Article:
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Studio Visit: Rachel Meginnes

rachel meginnes at penland

In December, Rachel Meginnes’ sewing machine broke. She asked her friend, fellow resident artist Robin Johnston, if she could borrow hers. Nervous about roughing up Robin’s machine by sewing on paint (which is how Rachel broke her own machine), she stopped herself. “I thought about building up texture with more paint instead of by sewing,” she said. “I’m interested in pulling color from the cloth in ways I haven’t before.” From a busted sewing machine, Rachel’s process busted too.

Correction: processes–there are many. Rachel is a relentless pursuer of textures–“texture” having arrived to us from texere in Latin: to weave. Weaving is where Rachel started, and her creation of textures extends from a consideration of fibers, patterns, and their possibilities. How might an artist trained as a weaver accommodate painting methods and material foreign to the loom? Where would that take her? Rachel has gone far, far out with these questions–not unlike the child in the outfield who forgets, the second she looks up and sees all kinds of blue roping through the clouds, about being in a baseball game. Behold the wall of current Rachel Meginnes experiments:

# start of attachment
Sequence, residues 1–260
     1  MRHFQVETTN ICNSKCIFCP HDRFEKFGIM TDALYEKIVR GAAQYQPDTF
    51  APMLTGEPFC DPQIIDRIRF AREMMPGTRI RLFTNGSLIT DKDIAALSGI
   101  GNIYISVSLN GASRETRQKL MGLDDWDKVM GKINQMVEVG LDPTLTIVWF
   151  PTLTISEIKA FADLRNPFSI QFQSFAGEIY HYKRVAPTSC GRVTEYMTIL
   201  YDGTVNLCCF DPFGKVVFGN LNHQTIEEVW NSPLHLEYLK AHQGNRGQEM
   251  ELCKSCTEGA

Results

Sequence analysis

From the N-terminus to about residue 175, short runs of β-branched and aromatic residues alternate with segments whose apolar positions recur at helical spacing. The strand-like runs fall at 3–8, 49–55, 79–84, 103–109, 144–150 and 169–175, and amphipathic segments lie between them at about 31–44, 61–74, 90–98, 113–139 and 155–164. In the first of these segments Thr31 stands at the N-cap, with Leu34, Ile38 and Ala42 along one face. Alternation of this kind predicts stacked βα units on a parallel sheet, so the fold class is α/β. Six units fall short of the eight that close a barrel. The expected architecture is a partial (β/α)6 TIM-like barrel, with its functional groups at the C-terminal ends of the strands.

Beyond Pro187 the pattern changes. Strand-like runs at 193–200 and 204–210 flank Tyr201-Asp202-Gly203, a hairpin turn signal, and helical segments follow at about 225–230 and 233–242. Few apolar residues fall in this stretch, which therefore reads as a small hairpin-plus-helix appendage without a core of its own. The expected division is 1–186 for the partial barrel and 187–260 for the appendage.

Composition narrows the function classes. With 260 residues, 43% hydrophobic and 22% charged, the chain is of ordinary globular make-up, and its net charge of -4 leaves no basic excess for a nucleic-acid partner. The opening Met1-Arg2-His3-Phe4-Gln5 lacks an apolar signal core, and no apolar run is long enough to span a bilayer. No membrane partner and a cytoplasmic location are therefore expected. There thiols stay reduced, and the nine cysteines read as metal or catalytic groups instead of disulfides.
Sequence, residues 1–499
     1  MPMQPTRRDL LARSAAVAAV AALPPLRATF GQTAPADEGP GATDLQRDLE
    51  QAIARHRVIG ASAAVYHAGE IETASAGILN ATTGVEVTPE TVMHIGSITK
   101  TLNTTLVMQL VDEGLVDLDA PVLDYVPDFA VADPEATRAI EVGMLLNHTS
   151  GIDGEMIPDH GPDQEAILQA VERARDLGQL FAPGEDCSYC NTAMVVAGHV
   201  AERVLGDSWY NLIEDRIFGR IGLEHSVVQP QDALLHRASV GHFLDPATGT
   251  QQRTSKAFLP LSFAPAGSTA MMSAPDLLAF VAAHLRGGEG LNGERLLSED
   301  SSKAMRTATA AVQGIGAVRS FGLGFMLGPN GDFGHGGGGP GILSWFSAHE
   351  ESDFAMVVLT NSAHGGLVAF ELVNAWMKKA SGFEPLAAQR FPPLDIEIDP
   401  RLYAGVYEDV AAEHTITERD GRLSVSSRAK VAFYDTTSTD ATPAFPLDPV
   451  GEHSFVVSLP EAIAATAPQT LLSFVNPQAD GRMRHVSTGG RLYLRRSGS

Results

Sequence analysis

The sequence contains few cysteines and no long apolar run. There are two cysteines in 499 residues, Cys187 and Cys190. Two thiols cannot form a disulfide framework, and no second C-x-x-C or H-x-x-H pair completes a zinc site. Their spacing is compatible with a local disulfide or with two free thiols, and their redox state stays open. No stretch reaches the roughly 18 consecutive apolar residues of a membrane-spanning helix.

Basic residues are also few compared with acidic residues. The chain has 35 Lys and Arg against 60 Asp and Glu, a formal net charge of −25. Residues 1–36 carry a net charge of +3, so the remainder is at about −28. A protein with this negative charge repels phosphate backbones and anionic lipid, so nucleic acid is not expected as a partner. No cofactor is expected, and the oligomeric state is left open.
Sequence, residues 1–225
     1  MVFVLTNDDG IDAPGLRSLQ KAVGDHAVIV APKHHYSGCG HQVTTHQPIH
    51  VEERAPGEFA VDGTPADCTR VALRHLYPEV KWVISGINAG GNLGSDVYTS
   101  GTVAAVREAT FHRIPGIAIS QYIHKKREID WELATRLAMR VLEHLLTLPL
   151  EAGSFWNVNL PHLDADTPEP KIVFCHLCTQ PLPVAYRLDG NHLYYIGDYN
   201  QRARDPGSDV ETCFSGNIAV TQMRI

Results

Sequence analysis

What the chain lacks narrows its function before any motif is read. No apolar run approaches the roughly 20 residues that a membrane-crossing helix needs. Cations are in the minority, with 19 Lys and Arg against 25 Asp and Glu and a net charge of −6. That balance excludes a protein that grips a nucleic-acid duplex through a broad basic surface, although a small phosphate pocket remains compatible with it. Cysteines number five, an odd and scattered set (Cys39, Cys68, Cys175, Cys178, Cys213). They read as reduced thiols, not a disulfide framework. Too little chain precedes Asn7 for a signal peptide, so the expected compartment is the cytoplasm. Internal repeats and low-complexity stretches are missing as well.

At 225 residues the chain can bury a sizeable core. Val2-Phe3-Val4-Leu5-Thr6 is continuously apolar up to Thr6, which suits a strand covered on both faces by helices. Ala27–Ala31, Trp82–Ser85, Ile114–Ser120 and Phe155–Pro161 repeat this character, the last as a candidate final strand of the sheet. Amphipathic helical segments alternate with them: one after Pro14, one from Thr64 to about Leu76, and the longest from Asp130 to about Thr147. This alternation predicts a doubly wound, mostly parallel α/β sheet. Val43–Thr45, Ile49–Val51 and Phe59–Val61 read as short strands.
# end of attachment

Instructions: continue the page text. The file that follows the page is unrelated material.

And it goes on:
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“If they fail, they fail,” says Rachel, about these ideas: gessoed paint build-ups, magazine transfers on cardboard, abraded surfaces, color behaving and misbehaving, thread and weave, articulate paper folds, that ominous X. Looking at each moment of texture, one begins to see the depths of Rachel’s experiments. “What happens when I can’t sand away?” she says, noting one of her techniques. Rachel’s studio time this past winter has involved voicing her  internalized methods and then veering away–toward discomfort, change, and not knowing what will happen. As a testament to her endurance in this process, check out her bowl of paint-shocked pins: